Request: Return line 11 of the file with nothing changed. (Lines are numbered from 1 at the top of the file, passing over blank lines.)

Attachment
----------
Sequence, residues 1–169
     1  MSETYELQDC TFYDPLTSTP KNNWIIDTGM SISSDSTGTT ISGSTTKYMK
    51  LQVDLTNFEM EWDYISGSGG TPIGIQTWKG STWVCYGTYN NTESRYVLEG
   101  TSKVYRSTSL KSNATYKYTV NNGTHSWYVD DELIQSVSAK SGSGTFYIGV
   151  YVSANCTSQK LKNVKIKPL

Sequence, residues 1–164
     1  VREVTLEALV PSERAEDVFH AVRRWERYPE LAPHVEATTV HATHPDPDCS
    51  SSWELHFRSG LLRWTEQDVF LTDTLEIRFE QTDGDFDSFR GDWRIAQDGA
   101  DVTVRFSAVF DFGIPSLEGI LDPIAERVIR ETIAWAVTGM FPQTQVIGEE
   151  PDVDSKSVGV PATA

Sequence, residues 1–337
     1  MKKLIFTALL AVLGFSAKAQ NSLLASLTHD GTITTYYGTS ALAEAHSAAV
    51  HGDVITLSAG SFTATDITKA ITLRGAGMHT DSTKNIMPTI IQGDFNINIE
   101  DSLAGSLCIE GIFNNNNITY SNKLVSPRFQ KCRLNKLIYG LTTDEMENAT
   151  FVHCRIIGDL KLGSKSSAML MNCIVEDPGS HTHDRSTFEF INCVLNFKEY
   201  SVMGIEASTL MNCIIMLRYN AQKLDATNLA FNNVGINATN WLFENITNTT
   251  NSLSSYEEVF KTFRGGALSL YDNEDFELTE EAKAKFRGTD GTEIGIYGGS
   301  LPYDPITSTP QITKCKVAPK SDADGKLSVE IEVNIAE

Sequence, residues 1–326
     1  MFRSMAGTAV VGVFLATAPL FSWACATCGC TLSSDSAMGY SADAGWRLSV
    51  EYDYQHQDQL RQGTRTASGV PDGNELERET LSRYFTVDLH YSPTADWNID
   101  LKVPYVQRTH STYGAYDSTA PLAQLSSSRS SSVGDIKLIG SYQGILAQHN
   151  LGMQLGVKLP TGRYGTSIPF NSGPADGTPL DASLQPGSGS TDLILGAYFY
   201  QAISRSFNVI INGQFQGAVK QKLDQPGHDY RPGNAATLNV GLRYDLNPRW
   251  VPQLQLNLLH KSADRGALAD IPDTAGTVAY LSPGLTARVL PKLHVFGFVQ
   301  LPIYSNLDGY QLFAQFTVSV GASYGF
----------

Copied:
Sequence, residues 1–337